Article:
Researchers at Western’s Bone and Joint Institute looking to treat – and even regenerate – soft connective tissues like ligaments and cartilage received a major financial boost today as the interuniversity CONNECT training program was awarded $1.65 million in funding from the Natural Sciences and Engineering Research Council of Canada (NSERC) through its Collaborative Research and Training Experience (CREATE) initiative.
The funding announcement from the Government of Canada was made today in Toronto by the Honourable Ed Holder, Minister of State (Science and Technology), as part of a $28-million investment in job-related training for graduate students and post-doctoral fellows.
In all 17 programs, participants will learn to combine research knowledge and experience with the personal and professional skills needed in the workplace.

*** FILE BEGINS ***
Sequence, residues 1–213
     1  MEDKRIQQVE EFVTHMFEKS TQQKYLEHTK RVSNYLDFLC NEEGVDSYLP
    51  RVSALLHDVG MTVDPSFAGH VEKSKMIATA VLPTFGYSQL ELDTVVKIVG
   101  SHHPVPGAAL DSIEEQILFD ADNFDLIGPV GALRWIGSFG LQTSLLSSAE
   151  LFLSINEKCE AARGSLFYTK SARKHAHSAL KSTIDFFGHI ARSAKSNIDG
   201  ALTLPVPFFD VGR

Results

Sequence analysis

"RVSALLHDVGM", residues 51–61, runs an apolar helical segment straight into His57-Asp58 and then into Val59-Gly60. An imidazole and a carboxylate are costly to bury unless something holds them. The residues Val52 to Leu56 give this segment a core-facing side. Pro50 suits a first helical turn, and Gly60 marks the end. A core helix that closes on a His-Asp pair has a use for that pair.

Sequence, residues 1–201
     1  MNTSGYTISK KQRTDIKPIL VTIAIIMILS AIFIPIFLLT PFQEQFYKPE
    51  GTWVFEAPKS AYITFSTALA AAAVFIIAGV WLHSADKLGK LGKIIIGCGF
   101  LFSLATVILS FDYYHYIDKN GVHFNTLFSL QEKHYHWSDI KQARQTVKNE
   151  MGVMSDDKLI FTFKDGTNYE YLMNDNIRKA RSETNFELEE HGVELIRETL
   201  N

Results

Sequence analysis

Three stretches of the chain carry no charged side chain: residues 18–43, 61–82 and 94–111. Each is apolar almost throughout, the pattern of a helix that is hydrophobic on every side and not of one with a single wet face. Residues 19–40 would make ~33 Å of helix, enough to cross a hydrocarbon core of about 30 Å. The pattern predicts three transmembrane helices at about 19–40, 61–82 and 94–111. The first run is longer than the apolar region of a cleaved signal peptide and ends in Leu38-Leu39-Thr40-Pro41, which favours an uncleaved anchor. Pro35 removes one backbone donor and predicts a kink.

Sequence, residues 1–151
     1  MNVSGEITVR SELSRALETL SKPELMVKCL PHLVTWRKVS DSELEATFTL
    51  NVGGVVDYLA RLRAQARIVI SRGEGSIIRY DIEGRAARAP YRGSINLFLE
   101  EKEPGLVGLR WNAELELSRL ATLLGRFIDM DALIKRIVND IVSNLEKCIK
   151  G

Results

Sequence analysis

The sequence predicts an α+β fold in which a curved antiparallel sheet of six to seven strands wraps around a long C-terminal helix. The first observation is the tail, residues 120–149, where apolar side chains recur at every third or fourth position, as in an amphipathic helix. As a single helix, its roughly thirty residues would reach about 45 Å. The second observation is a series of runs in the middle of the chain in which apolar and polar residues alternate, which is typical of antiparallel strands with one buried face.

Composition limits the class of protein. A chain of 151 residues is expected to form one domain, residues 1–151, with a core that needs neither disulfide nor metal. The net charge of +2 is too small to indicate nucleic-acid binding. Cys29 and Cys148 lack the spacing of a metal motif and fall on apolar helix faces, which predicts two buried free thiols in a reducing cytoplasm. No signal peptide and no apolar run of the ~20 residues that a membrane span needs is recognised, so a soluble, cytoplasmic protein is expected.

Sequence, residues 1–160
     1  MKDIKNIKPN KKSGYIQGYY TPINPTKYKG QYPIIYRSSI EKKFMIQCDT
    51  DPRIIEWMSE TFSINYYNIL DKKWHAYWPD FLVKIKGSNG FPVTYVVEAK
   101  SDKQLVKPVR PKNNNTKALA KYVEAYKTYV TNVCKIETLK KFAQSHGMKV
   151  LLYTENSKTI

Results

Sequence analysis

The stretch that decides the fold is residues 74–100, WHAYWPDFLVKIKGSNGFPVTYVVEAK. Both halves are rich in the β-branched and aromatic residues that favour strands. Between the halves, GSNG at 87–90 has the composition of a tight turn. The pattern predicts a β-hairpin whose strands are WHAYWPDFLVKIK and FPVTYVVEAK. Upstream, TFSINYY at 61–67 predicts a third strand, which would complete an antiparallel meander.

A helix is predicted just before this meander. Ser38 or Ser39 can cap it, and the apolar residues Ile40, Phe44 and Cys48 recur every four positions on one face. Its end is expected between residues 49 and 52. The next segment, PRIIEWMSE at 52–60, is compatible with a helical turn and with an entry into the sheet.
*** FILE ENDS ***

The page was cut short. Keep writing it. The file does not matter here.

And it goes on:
CONNECT aims to establish a world-leading training program for designing novel treatment strategies for soft connective tissue injuries by bringing together new research teams with the required multidisciplinary expertise required to develop, commercialize and deliver these effective therapies for clinical use.
The trainees in the CONNECT program will be integrated into four collaborative teams focused on the development of bioengineering approaches for ligament, articular cartilage, intervertebral disc and adipose tissue (fat) regeneration.
Each team consists of five to seven principal investigators from Western, Queen’s, Calgary and/or Toronto, as well as four to five trainees.
Led by Brian Amsden at Queen’s, Western’s Lauren Flynn and Calgary’s Walter Herzog are program co-directors. Flynn is an associate professor with a joint appointment in Engineering and the Schulich School of Medicine & Dentistry.
Other researchers affiliated with Western’s Bone and Joint Institute involved in CONNECT include Frank Beier, Elizabeth Gillies and Cheryle Séguin, while Dr. Alan Getgood will serve as a clinical collaborator and Jeff Dixon will represent Western on the Training Program Committee.